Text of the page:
Community groups have provided crucial feedback ahead of tomorrow’s hearing, Menacha said. “Right now we’re working with nonprofits and allies of the Immigration Committee, through my work in the last session, to ensure that every organization that has testified in front of the city Council gets an invitation. We’re also going to use our social media to get the word out and use… the media side to publicize the hearing itself. This is a public hearing which means that we’ll have a live feed online to have folks tune in. Anyone who wants to Tweet at me and the Council members who are there, we’ll be listening, and if people have questions for the folks on the dais and the stand, I’ll look at everything,” Menacha told Sludge.

Menacha has asked the de Blasio administration to do “homework” and outline what contracts currently exist between the city and ICE.

Asked whether the Immigration Committee has received any recent response from the Hudson River Park Trust or NYPD on the ongoing ICE contracts, Menchaca responded, “Not yet – we’re hoping to get some of that by the time the hearing comes… We’re awaiting comment and will be expecting the NYPD and Mayor’s office to be there to answer these questions.”

The July 13th report follow-up on ICE contracts in New York City followed up on a July 6th Sludge investigation by Josefa Velasquez and Sludge’s Alex Kotch– the most-viewed article on Sludge, over the past two and a half months of publishing – which cleaned and standardized official government data from to specify the amount of current ICE contracts with state governments.

When public data on legislative actions becomes more open as structured data, and easier to find and share through user-friendly web interfaces, networks of lawmakers can more easily circulate bill text, community testimony, and policy best practices.  Asked whether other cities have been in touch to replicate #AbolishICE city-level legislation, Menchaca highlighted that New York City is unique in having a relatively strong Immigration Committee for oversight and public hearings.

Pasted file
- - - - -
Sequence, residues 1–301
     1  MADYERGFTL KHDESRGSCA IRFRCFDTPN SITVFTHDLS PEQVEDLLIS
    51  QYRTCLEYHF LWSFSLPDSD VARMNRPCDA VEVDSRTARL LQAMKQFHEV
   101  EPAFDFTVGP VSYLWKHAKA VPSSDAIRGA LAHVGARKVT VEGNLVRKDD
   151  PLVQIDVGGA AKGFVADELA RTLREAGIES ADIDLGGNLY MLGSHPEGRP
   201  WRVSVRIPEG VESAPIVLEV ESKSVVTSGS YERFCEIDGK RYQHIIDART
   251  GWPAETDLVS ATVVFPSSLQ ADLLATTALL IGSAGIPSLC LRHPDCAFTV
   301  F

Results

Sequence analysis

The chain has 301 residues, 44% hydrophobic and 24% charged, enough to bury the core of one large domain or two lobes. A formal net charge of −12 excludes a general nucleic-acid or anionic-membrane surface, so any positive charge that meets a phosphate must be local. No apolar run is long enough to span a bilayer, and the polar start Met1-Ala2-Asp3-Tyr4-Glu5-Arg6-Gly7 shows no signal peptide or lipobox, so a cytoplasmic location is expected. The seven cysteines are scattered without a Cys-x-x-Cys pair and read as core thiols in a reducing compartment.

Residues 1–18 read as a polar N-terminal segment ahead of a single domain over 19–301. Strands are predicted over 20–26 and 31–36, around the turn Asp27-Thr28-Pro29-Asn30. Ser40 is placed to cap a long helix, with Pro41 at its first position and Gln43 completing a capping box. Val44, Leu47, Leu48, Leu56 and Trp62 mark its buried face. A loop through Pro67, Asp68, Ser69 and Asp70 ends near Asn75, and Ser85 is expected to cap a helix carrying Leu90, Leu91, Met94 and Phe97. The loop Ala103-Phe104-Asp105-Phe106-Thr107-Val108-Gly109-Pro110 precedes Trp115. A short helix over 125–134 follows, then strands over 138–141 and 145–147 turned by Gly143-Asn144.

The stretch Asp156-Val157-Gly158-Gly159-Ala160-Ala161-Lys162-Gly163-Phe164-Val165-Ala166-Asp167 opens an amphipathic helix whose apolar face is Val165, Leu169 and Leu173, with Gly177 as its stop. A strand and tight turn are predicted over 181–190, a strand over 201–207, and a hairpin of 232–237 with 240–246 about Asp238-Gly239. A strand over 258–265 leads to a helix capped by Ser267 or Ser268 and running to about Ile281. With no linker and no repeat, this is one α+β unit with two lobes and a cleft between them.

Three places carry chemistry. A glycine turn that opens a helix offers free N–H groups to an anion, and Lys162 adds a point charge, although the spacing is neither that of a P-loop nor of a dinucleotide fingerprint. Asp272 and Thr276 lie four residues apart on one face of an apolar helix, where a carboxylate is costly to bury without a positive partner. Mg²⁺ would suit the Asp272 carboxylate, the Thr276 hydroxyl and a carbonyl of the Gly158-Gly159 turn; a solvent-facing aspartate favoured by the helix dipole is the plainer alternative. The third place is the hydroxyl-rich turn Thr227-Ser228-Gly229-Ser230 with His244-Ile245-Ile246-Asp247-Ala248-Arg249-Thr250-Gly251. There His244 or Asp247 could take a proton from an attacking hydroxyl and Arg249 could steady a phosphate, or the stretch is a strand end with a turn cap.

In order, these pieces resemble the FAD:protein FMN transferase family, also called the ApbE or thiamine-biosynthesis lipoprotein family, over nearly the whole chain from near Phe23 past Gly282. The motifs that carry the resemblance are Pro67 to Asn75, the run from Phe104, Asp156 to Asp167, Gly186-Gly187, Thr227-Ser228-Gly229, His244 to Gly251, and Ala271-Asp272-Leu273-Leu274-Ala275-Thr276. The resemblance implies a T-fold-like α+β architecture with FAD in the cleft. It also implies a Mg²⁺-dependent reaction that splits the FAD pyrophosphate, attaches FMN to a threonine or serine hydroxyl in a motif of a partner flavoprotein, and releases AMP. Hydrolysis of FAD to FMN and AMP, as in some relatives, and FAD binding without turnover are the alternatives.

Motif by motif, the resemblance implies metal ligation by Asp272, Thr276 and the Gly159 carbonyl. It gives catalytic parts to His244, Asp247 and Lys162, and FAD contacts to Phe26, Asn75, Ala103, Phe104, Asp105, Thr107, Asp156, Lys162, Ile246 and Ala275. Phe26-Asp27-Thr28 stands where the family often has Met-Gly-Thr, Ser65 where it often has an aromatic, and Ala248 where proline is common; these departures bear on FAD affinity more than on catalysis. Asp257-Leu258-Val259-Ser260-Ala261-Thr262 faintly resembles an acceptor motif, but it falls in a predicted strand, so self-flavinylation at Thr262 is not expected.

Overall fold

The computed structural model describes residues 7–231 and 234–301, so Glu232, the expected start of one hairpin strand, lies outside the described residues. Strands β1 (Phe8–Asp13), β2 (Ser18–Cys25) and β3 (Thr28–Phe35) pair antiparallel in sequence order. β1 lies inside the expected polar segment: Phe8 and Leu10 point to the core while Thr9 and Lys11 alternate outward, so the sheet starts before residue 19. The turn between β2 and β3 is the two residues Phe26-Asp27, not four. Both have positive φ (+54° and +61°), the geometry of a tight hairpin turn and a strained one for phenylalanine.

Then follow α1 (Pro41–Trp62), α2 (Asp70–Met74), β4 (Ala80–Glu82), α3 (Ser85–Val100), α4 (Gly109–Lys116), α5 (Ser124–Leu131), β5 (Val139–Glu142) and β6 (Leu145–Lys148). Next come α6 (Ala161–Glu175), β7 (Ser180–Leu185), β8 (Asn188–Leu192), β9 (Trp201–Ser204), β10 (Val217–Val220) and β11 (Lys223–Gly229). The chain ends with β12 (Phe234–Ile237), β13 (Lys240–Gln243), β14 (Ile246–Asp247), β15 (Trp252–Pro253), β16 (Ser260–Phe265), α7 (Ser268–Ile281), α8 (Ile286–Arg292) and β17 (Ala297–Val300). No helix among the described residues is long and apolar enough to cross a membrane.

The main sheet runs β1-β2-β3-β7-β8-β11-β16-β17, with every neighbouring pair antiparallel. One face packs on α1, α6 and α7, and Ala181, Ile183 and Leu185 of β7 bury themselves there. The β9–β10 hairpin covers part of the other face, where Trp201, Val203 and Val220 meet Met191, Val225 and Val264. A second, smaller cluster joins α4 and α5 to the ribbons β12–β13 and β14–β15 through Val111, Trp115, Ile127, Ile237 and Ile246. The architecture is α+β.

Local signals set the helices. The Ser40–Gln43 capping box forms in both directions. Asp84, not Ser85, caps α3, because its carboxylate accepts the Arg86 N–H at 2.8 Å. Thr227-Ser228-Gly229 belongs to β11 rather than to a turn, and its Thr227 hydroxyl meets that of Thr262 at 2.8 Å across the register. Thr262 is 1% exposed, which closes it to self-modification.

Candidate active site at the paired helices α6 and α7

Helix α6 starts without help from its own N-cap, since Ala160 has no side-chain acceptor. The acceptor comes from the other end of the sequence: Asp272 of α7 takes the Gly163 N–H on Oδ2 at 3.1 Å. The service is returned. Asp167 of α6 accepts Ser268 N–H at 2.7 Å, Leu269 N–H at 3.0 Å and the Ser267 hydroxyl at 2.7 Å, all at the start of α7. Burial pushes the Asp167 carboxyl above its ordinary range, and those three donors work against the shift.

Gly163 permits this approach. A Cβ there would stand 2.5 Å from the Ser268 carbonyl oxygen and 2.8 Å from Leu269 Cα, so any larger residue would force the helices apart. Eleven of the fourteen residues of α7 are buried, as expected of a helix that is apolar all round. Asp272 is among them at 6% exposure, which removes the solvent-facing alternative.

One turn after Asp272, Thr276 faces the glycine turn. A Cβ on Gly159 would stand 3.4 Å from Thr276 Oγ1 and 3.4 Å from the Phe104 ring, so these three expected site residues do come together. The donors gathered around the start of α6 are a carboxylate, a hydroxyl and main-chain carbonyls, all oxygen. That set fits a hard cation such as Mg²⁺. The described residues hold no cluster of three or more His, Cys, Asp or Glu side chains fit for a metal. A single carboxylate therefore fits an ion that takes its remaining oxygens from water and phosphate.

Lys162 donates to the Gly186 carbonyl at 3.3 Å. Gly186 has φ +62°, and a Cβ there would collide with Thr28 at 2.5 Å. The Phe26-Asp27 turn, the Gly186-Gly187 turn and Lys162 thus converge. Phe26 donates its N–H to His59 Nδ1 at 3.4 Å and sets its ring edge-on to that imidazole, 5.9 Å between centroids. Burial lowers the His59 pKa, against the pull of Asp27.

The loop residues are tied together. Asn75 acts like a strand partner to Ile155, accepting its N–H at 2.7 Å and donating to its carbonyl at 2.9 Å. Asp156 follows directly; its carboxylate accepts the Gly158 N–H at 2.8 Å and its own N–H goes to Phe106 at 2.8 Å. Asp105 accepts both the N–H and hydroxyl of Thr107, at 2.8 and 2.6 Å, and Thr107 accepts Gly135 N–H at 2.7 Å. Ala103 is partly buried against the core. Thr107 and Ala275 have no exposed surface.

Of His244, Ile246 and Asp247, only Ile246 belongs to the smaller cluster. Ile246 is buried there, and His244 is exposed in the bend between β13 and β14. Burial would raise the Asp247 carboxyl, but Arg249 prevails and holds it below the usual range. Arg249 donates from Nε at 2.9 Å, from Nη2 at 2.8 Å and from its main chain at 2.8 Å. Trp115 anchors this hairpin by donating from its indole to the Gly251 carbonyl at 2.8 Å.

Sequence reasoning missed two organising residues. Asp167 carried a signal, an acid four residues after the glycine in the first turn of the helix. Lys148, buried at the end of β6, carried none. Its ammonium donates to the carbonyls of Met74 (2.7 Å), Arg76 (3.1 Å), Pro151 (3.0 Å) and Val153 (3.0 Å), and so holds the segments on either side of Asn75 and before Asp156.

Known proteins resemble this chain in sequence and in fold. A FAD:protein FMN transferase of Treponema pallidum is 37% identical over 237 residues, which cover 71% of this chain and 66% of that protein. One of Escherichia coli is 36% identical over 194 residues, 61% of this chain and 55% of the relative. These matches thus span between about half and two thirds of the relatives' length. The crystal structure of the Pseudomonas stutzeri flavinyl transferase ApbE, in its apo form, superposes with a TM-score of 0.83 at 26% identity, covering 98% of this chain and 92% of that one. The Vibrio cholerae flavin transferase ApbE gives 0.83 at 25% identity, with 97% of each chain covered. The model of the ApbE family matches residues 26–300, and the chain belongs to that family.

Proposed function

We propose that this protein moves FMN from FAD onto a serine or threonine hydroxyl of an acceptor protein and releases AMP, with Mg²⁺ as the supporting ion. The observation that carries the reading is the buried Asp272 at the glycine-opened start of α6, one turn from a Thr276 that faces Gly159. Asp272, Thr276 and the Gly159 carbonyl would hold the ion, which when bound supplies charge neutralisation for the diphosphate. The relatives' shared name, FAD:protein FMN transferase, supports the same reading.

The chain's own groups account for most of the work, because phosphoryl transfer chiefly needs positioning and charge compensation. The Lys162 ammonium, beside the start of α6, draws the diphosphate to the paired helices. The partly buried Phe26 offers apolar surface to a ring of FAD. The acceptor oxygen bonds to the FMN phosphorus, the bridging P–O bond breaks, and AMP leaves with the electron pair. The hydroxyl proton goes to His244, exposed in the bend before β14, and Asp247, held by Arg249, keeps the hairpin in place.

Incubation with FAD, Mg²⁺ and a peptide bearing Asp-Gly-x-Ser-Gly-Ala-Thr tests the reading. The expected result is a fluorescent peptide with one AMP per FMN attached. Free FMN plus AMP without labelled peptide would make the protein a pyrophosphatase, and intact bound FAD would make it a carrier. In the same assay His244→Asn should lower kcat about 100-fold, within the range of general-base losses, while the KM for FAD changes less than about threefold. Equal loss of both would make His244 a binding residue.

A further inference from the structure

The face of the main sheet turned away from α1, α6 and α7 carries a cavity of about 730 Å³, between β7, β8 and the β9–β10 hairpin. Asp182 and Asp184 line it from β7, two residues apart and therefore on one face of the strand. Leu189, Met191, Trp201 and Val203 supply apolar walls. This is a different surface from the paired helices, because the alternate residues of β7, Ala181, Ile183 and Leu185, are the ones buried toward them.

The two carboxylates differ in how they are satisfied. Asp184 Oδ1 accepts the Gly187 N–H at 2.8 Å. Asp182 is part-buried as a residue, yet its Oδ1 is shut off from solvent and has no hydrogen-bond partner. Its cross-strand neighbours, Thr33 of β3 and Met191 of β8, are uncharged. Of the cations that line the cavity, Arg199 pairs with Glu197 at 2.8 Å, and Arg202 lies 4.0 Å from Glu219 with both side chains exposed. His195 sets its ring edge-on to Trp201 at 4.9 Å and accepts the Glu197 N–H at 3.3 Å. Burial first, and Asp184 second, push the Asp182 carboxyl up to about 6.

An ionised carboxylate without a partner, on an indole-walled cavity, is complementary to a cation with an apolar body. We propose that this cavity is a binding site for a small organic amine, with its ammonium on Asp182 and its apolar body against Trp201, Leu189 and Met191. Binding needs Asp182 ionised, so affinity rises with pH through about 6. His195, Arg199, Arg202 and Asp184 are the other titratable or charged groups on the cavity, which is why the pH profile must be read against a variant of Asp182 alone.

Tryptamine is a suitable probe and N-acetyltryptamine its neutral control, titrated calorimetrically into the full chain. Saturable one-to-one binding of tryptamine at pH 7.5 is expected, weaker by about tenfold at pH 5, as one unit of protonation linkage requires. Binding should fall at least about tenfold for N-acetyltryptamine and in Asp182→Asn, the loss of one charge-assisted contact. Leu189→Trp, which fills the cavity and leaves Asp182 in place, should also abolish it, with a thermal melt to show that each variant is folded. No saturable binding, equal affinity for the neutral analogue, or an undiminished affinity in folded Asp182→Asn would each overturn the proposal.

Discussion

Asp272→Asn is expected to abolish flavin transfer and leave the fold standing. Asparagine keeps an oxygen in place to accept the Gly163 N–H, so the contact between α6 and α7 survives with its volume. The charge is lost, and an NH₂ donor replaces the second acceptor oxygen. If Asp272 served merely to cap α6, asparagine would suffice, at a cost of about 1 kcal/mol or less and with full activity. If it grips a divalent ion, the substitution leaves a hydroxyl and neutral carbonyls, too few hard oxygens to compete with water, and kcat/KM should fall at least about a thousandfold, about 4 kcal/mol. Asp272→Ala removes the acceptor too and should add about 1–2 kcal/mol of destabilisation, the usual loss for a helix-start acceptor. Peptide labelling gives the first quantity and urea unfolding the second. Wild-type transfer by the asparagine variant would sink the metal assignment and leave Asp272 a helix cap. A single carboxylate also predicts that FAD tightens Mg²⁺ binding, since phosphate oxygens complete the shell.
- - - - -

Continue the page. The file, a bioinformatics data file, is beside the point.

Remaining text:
“We have open lines of communication with other council members through multiple networks like New American Leaders and Local Progress. So with Austin and Detroit and Chicago and San Francisco and Phoenix… we’re hoping to set up working calls with our legislative teams to connect as we build this law. Not just on ICE and these federal agencies but on topics like IDNYC and really building movements around engaging our immigrant brothers and sisters in our neighborhoods,” said Menacha, the first Mexican American elected to the council.

Currently, the advance-written testimony of community groups and immigration advocates is not officially gathered through official public comment forums by Council committees, and is only available for review if a group posts it online ahead of time, or in the video live-stream (available tomorrow on official Legistar site) or the hearing transcript. Public dialogue app developers can build on the official open data legislative API for two-way feedback with Council offices and community groups.

The “Abolish ICE” campaign, known partly from the #AbolishICE hashtag on Twitter, has gained steam in New York and around the country, slowly becoming a mainstream political platform for candidates running for office. Over June and July, mentions of the phrase “Abolish ICE” on Twitter increased fivefold compared to the first five months of the year, according to Sean McElwee of Data Progress in an New York Times op-ed.

On June 28th, the “Abolish ICE” campaign gathered the endorsement of its first sitting U.S. Senator, Kirsten Gillibrand of New York.

Gillibrand has been joined by at least seven House Democrats and candidate Alexandria Ocasio-Cortez in supporting legislation to end the current US Immigration and Customs Enforcement agency agency within one year. Just days prior, Sen. Kamala Harris had strengthened her position and called for ICE to be “critically reexamined”, and on June 30th, Sen. Elizabeth Warren called for ICE to be “replaced”.

In the New York Attorney General Democratic Primary, candidate Zephyr Teachout has called for ICE federal agents who violated state laws of “general jurisdiction” to be prosecuted, Felipe De La Hoz reported in mid-August. The idea of abolishing, or at least curtailing, ICE’s powers has become a campaign issue for the crowded attorney general race in New York and the Democratic gubernatorial primary.

Menchaca hopes to coordinate with state legislators on introducing new #AbolishICE legislation in the state Capitol.

“We’re going to share in real-time with other legislative bodies, including the state, bringing in the Assembly. I’m talking to a couple of Assembly members and some state Senators who might want to introduce it into the state, part of the larger sanctuary movement across the country.,” Menacha said.